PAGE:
Scientists Develop an AI so Advanced, its Dangerous to Release 


Scientists have developed an alarming AI system they say is so dangerous, it should not be released to the public.

OpenAI, a non-profit based in San Francisco, once backed by Elon Musk, explain that its “chameleon-like” language prediction system, called GPT–2, will be released by only in a scaled-down version, due to “concerns about malicious applications of the technology”.

Image Credit: OpenAI.
Image Credit: OpenAI.

OpenAI researchers explain in a statement:

“Our model, called GPT-2 (a successor to GPT), was trained simply to predict the next word in 40GB of Internet text. Due to our concerns about malicious applications of the technology, we are not releasing the trained model. As an experiment in responsible disclosure, we are instead releasing a much smaller model for researchers to experiment with, as well as a technical paper.”

As explained by researchers, their computer model, which can generate original paragraphs of text based on what it is given to read is extremely good at its job, and that means potential bad news if it ends up in the wrong hands.

The system produces “synthetic text samples of unprecedented quality” that experts say are so advanced and convincing, in the wrong hands, the AI could be used to create fake news, impersonate people, and even abuse or trick people on social media.

As noted by the OpenAI team on its blog: “GPT–2 is trained with a simple objective: predict the next word, given all of the previous words within some text.”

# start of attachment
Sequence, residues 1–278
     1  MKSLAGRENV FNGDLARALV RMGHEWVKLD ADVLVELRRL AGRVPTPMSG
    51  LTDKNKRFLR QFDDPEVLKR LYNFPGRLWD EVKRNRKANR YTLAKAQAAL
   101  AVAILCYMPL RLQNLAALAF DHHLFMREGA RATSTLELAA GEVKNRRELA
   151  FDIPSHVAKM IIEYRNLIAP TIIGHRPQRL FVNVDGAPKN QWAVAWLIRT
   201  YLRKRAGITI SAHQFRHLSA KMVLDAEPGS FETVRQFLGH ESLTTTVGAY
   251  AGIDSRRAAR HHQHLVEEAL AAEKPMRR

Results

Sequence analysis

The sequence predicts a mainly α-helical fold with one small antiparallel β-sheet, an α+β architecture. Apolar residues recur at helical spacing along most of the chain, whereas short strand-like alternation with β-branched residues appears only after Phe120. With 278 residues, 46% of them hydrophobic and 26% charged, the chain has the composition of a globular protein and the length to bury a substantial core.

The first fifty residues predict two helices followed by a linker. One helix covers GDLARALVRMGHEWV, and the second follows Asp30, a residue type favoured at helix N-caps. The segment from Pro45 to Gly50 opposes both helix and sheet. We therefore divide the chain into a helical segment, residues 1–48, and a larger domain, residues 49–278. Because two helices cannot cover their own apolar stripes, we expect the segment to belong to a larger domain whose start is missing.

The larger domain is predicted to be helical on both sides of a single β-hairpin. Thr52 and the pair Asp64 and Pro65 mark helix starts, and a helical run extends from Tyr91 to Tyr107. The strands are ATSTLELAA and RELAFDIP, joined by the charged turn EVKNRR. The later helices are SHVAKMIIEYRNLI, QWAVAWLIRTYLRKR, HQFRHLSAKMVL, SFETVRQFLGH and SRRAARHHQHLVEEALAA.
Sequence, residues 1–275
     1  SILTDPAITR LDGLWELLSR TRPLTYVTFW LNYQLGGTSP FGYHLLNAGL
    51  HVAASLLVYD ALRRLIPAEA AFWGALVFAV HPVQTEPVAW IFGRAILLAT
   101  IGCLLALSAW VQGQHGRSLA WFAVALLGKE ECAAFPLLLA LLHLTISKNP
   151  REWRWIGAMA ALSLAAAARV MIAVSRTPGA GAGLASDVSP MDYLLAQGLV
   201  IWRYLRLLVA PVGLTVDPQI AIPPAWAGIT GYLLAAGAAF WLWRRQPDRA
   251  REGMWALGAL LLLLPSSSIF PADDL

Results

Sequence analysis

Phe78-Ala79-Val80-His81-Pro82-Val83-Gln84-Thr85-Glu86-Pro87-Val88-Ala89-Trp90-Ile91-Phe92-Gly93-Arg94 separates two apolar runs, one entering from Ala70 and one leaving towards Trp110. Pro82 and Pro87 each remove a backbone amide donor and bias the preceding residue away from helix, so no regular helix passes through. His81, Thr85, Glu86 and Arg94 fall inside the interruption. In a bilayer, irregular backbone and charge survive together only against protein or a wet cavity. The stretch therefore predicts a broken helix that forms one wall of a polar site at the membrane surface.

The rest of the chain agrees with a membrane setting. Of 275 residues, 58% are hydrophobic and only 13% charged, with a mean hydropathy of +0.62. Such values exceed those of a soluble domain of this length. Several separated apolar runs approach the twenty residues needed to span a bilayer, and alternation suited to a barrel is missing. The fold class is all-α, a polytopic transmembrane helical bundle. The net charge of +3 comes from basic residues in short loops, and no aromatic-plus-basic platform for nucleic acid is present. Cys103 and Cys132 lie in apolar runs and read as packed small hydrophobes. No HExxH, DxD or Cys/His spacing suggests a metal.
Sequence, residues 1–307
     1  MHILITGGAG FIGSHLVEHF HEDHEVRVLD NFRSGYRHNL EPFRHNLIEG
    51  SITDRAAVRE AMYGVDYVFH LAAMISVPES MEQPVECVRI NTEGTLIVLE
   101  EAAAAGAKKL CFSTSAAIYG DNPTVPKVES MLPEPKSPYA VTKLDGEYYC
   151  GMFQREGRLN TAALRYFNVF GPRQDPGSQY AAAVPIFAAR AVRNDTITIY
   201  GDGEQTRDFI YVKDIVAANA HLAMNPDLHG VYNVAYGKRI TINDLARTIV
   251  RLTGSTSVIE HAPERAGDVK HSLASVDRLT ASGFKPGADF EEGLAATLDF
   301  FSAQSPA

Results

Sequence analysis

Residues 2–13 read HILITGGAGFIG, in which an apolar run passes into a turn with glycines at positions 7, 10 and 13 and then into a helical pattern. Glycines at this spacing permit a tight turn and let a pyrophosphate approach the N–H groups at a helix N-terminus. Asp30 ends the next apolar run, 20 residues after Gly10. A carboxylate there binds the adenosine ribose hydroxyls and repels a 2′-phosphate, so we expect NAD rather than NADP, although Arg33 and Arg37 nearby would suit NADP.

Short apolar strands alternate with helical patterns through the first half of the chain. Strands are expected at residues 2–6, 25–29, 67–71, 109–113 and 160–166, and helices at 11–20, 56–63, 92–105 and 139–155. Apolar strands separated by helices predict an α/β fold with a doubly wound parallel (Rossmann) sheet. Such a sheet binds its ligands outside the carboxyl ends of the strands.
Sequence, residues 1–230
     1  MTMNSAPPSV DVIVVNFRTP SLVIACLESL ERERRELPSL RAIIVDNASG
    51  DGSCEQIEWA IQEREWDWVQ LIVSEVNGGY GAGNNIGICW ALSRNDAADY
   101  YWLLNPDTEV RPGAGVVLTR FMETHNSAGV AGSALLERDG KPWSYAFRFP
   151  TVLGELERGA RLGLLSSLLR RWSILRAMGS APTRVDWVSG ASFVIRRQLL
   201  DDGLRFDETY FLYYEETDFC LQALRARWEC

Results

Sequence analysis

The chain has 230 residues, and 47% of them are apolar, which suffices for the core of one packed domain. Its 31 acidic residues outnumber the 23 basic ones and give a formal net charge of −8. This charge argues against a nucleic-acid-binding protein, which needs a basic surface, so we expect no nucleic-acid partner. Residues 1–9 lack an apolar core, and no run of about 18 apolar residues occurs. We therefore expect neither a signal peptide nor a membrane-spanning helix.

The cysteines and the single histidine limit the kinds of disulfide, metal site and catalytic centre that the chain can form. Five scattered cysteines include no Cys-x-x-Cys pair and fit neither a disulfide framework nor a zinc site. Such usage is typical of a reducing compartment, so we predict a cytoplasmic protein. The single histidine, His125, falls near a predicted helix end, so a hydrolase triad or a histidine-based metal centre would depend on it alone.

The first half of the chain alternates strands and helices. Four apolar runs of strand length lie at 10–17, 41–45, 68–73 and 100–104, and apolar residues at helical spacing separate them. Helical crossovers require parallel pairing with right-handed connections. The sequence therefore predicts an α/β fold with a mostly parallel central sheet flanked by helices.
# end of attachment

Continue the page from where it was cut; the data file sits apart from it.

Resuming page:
The AI can’t make up random things, so in order to produce something, researchers fed the AI with a dataset of eight million web pages, and let it absorb them.

Once it digested all the info, it had the ability to converse on various topics depending n how the AI understood it. It could then also generate random yet convincing text, ranging from celebrity news, climate change or even Tolkien-inspired fan fiction.

To understand how advanced the AI really got, here are a few examples from the OpenAI Blog:


A train carriage containing controlled nuclear materials was stolen in Cincinnati today. Its whereabouts are unknown.


The incident occurred on the downtown train line, which runs from Covington and Ashland stations.

In an email to Ohio news outlets, the U.S. Department of Energy said it is working with the Federal Railroad Administration to find the thief.

“The theft of this nuclear material will have significant negative consequences on public and environmental health, our workforce and the economy of our nation,” said Tom Hicks, the U.S. Energy Secretary, in a statement. “Our top priority is to secure the theft and ensure it doesn’t happen again.”

The stolen material was taken from the University of Cincinnati’s Research Triangle Park nuclear research site, according to a news release from Department officials.


Miley Cyrus was caught shoplifting from Abercrombie and Fitch on Hollywood Boulevard today.


The 19-year-old singer was caught on camera being escorted out of the store by security guards.

The singer was wearing a black hoodie with the label ‘Blurred Lines’ on the front and ‘Fashion Police’ on the back.

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Shoplifting: Miley Cyrus was caught shoplifting from Abercrombie and Fitch on Hollywood Boulevard today (pictured)

The singer was wearing a black hoodie with the label ‘Blurred Lines’ on the front and ‘Fashion Police’ on the back

The singer was also wearing a pair of black-rimmed glasses, a black jacket, black jeans, and black sandals.

She was carrying a pair of black and white striped gloves and a small black bag.

But as you would have imagined, the AI isn’t perfect, as the OpenAI team clearly notes.

“As the above samples show, our model is capable of generating samples from a variety of prompts that feel close to human quality and show coherence over a page or more of text,” the experts explained in their blog post.

“Nevertheless, we have observed various failure modes, such as repetitive text, world modeling failures (e.g. the model sometimes writes about fires happening underwater), and unnatural topic switching.”

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